- Seawalls and dikes prevent the natural landward/seaward migration of sediment, and change the energy of waves. This can create zones of increased erosion and scouring, alongside and at the toe of the structure.
- Gradually sloping beaches, dunes and vegetation can all provide natural protection from storm waves. When the shoreline is hardened, for example by building a seawall and a road, the protective gravel or sand beach is often scoured away and the shore becomes more vulnerable to damage.
- Breakwaters and wharves can prevent longshore currents from replenishing downdrift beaches with sediment (see coastal sediment processes).
- Structures such as houses and roads built on bluffs can cause compaction of the slope, possibly leading to slope failure.
- Removal of natural vegetation and over-watering can saturate soils and cause erosion, slumping and slope failure.
- Dikes and berms in estuaries prevent tidal flow and convert the areas into less productive dry land.
What can be done to improve altered shorelines?
Rocky shorelines are the least erodible and are the most stable for building on. Bluffs composed of clay, sand and gravel are the most erodible, and buildings should be set well back from the edge of these shorelines. By working within the limitations of the landscape, many erosion “problems” can be avoided. A good strategy for preventing erosion and increasing marine habitat is to keep the shoreline as natural as possible. Some tips and resources for naturalizing altered shorelines include the following.
- Maintain a buffer of native vegetation along the shoreline, including trees and shrubs. This protects against erosion, provides wildlife habitat and helps to filter pollutants.
- Plant native vegetation along the bottom and sides of seawalls, to soften edges and reduce scouring by waves.
- Enhance seawalls with rock and salt marsh benches, to create a more resilient structure that provides greater intertidal habitat; see the diagrams below.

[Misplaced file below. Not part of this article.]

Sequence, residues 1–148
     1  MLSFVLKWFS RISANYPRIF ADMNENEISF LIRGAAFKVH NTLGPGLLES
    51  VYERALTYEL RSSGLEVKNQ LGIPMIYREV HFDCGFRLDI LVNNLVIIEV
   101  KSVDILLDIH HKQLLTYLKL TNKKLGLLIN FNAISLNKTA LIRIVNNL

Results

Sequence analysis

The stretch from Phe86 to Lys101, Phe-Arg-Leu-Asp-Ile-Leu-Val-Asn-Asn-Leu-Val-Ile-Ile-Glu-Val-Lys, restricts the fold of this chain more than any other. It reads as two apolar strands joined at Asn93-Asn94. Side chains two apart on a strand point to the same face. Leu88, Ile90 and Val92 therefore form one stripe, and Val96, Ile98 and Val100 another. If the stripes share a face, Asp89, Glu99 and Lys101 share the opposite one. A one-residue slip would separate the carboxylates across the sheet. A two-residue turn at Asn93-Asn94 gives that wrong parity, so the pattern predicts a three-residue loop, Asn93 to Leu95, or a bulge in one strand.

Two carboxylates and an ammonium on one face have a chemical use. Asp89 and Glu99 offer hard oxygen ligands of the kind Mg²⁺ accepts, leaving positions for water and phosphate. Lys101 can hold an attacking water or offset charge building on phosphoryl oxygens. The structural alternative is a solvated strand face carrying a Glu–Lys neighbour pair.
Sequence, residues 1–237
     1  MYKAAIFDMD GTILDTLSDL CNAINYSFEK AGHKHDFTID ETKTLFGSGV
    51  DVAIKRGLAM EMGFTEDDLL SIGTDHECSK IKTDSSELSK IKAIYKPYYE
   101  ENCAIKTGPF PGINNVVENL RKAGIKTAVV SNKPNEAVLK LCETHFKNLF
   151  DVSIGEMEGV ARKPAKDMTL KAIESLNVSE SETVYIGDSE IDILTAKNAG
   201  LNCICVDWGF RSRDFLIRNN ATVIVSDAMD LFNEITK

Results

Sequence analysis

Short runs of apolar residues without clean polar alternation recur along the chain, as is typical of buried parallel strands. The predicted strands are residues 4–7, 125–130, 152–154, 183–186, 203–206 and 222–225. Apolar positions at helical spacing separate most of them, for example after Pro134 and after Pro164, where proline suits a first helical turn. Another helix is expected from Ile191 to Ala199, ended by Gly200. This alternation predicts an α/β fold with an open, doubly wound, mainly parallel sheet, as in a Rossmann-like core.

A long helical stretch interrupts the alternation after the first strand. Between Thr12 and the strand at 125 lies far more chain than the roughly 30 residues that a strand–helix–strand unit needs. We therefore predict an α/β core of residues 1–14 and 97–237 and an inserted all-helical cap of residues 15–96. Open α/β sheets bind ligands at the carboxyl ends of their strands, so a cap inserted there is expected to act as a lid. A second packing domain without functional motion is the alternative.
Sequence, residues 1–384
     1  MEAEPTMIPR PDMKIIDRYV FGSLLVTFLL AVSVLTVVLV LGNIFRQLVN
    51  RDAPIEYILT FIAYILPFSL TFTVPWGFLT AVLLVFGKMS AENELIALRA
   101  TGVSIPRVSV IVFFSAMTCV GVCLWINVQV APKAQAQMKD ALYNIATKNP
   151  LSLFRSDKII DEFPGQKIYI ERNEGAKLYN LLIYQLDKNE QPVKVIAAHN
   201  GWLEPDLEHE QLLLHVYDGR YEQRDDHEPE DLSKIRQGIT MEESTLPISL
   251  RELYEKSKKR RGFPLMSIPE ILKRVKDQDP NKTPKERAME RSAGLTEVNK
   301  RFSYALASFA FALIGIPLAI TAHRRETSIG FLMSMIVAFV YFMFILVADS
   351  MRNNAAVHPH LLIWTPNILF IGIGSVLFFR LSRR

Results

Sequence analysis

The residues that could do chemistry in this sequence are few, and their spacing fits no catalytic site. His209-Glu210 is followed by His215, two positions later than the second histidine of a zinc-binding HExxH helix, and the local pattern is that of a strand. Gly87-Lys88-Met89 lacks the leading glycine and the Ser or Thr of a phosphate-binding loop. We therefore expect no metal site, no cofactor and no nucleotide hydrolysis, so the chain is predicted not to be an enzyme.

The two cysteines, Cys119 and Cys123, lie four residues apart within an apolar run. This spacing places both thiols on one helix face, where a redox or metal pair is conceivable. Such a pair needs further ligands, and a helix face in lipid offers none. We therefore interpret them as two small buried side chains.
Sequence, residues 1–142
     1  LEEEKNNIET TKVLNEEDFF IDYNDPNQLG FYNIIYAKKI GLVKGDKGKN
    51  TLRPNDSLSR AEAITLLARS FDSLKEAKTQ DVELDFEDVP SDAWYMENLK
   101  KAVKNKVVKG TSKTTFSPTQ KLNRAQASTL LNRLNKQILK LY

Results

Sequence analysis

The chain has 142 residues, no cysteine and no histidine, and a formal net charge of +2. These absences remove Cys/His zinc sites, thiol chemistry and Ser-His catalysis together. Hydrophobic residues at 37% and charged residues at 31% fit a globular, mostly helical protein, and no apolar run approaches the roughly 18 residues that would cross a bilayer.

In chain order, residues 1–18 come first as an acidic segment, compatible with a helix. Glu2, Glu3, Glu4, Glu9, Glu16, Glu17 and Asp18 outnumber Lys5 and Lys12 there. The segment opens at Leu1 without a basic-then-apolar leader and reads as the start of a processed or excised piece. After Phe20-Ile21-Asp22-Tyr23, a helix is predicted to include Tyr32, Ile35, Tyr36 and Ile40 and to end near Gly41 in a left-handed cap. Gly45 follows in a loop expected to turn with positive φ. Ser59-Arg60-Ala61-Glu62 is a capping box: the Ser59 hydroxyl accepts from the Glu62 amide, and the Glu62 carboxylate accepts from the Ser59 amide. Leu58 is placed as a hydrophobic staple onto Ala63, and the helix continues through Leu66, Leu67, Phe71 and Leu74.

- Consider removal of seawalls and replacement with sloping land and natural vegetation.
- Use bioengineering techniques that involve building retaining structures made of natural materials such as bundles of dormant vegetation (e.g. willow stakes). The plant cuttings subsequently root and “take over” the role of erosion control from the structure.
- Use increased setbacks for structures (buildings, roads, paths) on top of erosion-prone bluffs and from the edge of steep slopes, to reduce compaction and erosion.
- Reduce the footprint of shoreline structures such as wharves by replacing supporting fill or concrete slabs with pilings. This creates some habitat under the structure.
- Incorporate perforations and grating into decking and wharves to allow some light penetration to the water below.
- Use high density foam in place of styrofoam in dock floats. Styrofoam tends to break apart and can be ingested by animals, particularly birds.
- Increase the roughness of structures, for example by using concrete or rock in place of steel. More roughness provides greater surface area for the attachment of microorganisms and larger attached species like mussels, barnacles and algae. Structures can also be designed to incorporate crevices and recesses to create habitat for fish and invertebrates, and ledges for marine mammals to rest upon.
The following diagrams show how intertidal habitat is minimal on a shoreline with a vertical wall, but can be increased by making a shallower slope; a salt marsh bench can also be constructed, to provide habitat and food sources for invertebrates, fish and birds.
How can I help restore altered shorelines?
- Learn about natural shoreline development techniques that can prevent erosion of your shoreline property and increase wildlife habitat
- Help to educate others about the value of natural shorelines, and encourage development that protects habitat and water quality.
- Retain and replant native shoreline vegetation.
- Leave driftwood and logs on the beach; they help to prevent erosion.
- Learn how to reduce impervious surfaces near shorelines, to increase infiltration of water, and reduce erosion and chemical pollution.